Background: Emerging evidence advocates the use of restrictive transfusion strategies at hemoglobin (Hb) levels of approximately 7–8 g/dL in cardiac surgeries using cardiopulmonary bypass. Yet, it is unclear whether the same thresholds can be applied to off-pump coronary bypass (OPCAB) that accompanies cardiac displacement and warm regional ischemia-reperfusion injury without the aid of a bypass machine. The aim of this study is to investigate the relationship between perioperative nadir Hb level and outcome following OPCAB. Methods and Results: Medical records of 1,360 patients were reviewed. Hb levels were serially assessed during and after surgery. The incidence of composite endpoints was 35%, which included myocardial infarction, stroke, acute kidney injury, sternal infection, reoperation, prolonged mechanical ventilation, and in-hospital mortality. The nadir Hb level was significantly lower in the morbidity group than in the non-morbidity group (8.1 [7.4−9.1] vs. 8.8 [7.9−9.8] g/dL, P<0.001). Multivariable logistic regression analysis revealed nadir Hb as an independent risk factor of adverse outcome (odds ratio: 0.878, 95% confidence intervals: 0.776−0.994, P=0.04), whereas preoperative anemia and perioperative transfusion were not. The critical value of Hb for predicting detrimental outcome was 8.05 g/dL. Conclusions: A significant association is found between perioperative nadir Hb and adverse outcome after OPCAB. Although preoperative anemia was not associated with poor prognosis per se, it was the only modifiable risk factor that was closely linked to nadir Hb.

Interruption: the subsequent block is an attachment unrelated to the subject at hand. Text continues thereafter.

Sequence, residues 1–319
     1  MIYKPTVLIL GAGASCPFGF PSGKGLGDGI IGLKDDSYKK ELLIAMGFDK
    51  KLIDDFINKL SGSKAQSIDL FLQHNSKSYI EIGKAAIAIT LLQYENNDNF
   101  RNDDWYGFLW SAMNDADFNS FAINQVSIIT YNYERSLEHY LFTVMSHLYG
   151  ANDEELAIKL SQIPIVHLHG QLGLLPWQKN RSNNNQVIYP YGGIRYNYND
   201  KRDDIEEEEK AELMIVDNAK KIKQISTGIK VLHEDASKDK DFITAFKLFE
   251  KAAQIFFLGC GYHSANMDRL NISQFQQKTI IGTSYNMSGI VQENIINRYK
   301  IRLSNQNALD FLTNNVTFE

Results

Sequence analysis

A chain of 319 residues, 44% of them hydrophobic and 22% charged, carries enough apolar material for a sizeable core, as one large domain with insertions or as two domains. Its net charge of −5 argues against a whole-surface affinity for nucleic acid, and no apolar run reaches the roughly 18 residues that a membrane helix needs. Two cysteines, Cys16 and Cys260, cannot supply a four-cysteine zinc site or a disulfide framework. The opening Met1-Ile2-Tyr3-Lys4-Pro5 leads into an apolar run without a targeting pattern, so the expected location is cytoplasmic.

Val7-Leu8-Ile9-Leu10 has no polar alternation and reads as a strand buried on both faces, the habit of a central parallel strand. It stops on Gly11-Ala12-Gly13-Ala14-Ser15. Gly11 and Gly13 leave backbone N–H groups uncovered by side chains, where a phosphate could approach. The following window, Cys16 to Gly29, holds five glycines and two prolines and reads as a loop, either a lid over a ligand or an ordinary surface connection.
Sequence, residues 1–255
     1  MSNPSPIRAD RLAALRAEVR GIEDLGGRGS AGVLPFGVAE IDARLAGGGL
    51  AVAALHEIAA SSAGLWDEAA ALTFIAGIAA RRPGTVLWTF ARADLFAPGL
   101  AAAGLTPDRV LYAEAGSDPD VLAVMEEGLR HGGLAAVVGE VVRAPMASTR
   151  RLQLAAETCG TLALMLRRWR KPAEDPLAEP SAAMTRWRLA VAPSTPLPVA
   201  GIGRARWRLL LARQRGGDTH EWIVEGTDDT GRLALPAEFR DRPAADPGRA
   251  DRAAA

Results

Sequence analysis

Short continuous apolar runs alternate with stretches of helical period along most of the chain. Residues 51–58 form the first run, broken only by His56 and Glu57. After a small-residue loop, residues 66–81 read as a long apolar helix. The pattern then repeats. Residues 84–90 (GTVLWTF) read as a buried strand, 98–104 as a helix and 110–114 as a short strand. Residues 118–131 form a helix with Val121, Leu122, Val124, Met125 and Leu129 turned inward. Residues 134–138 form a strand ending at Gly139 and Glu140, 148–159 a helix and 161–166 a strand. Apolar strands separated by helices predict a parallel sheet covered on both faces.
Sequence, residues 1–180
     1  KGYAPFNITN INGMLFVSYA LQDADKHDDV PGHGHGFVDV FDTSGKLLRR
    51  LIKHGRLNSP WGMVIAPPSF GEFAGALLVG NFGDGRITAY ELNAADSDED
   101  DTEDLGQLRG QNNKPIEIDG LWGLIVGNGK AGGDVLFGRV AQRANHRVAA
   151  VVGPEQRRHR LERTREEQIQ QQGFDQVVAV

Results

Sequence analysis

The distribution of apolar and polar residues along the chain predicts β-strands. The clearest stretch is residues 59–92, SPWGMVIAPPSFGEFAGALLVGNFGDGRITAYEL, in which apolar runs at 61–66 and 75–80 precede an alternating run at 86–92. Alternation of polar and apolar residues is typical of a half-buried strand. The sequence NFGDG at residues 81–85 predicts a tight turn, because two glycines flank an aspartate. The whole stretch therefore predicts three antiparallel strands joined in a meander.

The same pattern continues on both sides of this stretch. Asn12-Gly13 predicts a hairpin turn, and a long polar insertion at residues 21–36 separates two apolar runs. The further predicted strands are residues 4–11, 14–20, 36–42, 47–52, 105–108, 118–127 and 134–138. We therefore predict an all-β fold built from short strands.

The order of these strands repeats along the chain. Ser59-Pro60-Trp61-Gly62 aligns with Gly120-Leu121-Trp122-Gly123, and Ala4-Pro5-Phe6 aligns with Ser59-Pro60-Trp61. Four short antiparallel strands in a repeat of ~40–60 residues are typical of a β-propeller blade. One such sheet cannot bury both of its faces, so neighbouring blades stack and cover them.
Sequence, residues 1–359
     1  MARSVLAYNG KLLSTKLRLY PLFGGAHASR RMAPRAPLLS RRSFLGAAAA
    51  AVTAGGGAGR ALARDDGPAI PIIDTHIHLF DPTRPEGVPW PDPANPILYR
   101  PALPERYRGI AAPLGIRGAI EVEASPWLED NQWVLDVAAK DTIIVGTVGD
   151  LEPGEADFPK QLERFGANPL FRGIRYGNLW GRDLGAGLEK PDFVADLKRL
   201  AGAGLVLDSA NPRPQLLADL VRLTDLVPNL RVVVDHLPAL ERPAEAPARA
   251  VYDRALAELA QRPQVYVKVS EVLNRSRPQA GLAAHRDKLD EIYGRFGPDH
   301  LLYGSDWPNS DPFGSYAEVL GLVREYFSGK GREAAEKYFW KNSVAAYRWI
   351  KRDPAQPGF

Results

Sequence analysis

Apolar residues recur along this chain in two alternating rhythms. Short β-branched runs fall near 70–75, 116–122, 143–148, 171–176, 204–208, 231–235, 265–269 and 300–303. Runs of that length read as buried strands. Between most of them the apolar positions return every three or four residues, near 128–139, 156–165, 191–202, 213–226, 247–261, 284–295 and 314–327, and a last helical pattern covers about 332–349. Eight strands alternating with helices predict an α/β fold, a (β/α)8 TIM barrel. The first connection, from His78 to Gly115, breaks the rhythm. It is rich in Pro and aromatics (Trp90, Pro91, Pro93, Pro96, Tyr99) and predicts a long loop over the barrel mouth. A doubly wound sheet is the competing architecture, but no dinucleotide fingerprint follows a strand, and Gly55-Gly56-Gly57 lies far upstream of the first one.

Bibliographical noteFunding Information:
This study was supported by a new faculty research seed money grant to Yonsei University College of Medicine for 2018 (2018-32-0027).
All Science Journal Classification (ASJC) codes
- Cardiology and Cardiovascular Medicine